all of these factors had a major effect as far as reducing middle class jobs
53   NDrLoR   2023 Jul 4, 8:54am  

ad says


in the 1980s
Leveraged buy-outs was the big gambit then. I remember Ross Perot ridiculing them during his campaign, said they're not really producing anything just pushing numbers around creating huge amounts of debt. Wasn't Mitt Romney a big proponent of that? His father actually produced an affordable car but he produced nothing of any value.
54   stereotomy   2023 Jul 4, 9:06am  

NDrLoR says


Leveraged buy-outs was the big gambit then. I remember Ross Perot ridiculing them during his campaign, said they're not really producing anything just pushing numbers around creating huge amounts of debt.

Before leveraged buyouts, Milkin, etc. companies hoarded cash for bad times. LBO's raped the cash hordes of traditional conservative companies (mostly capital intensive industries). These traditional companies accumulated these cash hoards so that they wouldn't be slaves to the banksters. That, as well as before the 90's, there were effective prohibitions on stock buy backs. If a company wanted to increase its stock price, it had to generate higher profits. These higher profits were produced by innovation which was privately financed from within the company (Bell Labs, HP Palo Alto, etc.).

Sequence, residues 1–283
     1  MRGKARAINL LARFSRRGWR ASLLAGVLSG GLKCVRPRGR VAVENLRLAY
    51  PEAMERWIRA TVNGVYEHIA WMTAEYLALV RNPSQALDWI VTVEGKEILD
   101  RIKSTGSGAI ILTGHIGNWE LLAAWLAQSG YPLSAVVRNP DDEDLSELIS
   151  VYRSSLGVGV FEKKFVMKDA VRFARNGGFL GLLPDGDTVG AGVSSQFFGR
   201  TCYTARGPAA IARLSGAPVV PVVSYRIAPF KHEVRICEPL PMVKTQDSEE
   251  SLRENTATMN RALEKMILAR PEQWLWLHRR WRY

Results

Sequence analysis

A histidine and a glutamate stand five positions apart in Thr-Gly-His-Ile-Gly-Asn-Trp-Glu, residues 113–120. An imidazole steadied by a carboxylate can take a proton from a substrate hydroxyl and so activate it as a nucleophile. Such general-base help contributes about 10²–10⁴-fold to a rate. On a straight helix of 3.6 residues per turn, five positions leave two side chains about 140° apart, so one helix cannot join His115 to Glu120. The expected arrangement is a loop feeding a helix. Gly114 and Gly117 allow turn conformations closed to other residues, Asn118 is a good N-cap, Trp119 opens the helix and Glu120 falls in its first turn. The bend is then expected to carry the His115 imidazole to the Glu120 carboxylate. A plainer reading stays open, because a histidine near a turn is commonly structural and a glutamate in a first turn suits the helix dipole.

LBO shite effectively destroyed the traditional way of doing business. Now, as many on PatNet have mentioned, every corporation sucks at the government/FED teat. As long as corporations do what the NWO/WEF/globohomo wants, they get free money. Otherwise they die on the vine.

This is fascism, this is communism, this is oligarchy, this is the death of free enterprise, this is our sons being sold into slavery and our daughters into whoredom. This is globohomo.
55   AD   2023 Jul 4, 9:55am  

Yes it was fundamental transformation of economy into a service economy and Wall Street shenanigans